DeKalb officials: Brace for more potholes
DeKALB – Eddie Hernandez of the DeKalb Public Works Department was out in the cold, again, Monday afternoon filling potholes along 14th Street. It’s been a rough winter for the public works department, and he said a little appreciation goes a long way.
“Some people will drive by and say, ‘Thanks,’ ” Hernandez said. “That’s always nice to hear.”
Winter is rearing its ugly head again, and city officials are bracing for more pothole problems because of the temperature fluctuations. Temperatures dropped Monday, but will climb back into the 40s by the weekend, putting more stress on roadbeds.
The public works department already lost its leader when former Public Works Director Tim Holdeman was laid off Friday.
Now, others are taking on the responsibilities, including Bryan Faivre, DeKalb’s assistant director of public works, and Andy Raih, who was promoted to superintendent of streets in January. City Manager Bill Nicklas has said, in the absence of city department heads, many employees have agreed to step up.
Nicklas said Monday he has been meeting with the public works department every week, and residents shouldn’t expect any lapse in service in Holdeman’s absence.
“Unfortunately, this year has been a bad winter, especially in the past month and a half, because of all the snow we were getting and freezing rain,” Faivre said in a phone interview Monday morning. “So to address potholes was very difficult then, because we had our focus so much on fighting snowstorms.”
“There’s a lot of factors that go into it,” said Chris Brantley, a public works employee who was out Monday with Hernadez. “We can’t fill them when there’s ice in the bottom.”
Potholes are caused by the rapid, repeated freezing and then thawing of roads and pavement, Faivre said, which also can affect holes that have already been filled. When the ground thaws and snow melts, moisture gets into the holes again and pops the patching mixture that was used to fill a pothole back out.
“Picture a block of ice pressing against hot asphalt, and you just get the cracks,” Faivre said. “Water will get back underneath the mix, freeze again, and cause it to expand. The mix we put in there will literally explode out.”
DeKalb public works crews have a systematic, three-step approach to addressing potholes, Faivre said.
“Typically, we receive calls from residents about various potholes around town,” Faivre said. “We’ll keep a list of those as phone calls come in. Crews and staff in general will make note of any as well, when we’re out and about. And lastly, we have a systematic approach to fill: We tend to concentrate on the main roads, those that are traveled more often.”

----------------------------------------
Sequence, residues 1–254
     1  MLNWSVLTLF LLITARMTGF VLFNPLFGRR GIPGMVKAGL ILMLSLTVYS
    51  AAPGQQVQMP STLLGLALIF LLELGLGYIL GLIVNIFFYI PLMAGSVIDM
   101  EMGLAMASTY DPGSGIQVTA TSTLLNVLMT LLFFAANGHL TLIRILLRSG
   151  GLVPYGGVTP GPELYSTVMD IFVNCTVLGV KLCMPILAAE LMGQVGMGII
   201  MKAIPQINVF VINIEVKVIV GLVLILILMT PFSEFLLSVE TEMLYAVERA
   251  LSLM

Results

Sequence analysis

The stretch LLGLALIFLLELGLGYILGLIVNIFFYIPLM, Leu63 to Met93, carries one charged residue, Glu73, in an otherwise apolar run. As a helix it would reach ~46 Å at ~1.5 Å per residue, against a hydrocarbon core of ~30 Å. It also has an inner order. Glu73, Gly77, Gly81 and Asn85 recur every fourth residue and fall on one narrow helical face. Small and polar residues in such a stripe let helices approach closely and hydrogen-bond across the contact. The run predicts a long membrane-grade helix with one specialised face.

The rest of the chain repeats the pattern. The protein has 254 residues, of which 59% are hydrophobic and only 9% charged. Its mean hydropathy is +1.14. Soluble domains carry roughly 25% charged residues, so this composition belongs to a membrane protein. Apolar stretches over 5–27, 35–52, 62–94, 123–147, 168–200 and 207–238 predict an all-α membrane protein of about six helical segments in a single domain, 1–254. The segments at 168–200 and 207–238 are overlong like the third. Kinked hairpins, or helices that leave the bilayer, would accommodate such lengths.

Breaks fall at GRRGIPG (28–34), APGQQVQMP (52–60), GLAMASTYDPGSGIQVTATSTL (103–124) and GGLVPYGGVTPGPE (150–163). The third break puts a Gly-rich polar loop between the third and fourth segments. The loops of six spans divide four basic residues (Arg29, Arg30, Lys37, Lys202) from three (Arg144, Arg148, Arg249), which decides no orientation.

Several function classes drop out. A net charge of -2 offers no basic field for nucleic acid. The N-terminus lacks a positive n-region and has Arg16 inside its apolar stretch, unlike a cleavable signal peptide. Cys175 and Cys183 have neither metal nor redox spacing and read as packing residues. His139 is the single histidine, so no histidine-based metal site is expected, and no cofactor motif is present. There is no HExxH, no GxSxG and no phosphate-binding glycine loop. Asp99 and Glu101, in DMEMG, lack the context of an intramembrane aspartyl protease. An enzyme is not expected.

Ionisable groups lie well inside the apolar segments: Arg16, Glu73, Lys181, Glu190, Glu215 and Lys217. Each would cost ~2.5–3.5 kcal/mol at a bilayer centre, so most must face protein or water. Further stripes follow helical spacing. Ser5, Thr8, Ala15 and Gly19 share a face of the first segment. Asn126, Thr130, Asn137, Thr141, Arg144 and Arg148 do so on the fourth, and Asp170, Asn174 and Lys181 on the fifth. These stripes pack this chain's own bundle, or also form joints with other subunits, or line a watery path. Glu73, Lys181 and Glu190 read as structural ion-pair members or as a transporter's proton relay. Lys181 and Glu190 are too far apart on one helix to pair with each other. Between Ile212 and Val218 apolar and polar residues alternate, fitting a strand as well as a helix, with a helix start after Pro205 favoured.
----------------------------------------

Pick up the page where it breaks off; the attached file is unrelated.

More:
Similar the snow plow system for prioritizing heavily trafficked roads, Faivre said crews will begin filling potholes on roads such as Lincoln Highway and Sycamore Road, and then concentrate on residential neighborhoods.
“We call some of them ‘paper-plate potholes,’ because they’re not very deep, and might be more of an annoyance, not a safety factor,” Faivre said.
That doesn’t mean employees don’t address large potholes on side roads quickly, however.
“The ones that are 2 feet in diameter, 6-inches deep, obviously if you get a vehicle going over that, there’s’ potential for damage,” he said. “So we’ll send crews out almost immediately, if not first thing in the morning.”
Although temperatures were in single digits Monday morning, Faivre said the public works department had one crew out to address potholes as of early Monday morning.
Faivre said the crews are made up of three to four employees: one driving the pothole truck, two filling the holes with coat mix and another on hand for safety reasons.
“As the temperatures get warmer here and get a little more sunlight with daylight saving time, that’s going to help matters, especially with this break in the snow action,” Faivre said. “It gives us time to get our crews back together.”
Sycamore Public Works Director Fred Busse did not respond to requests for comment.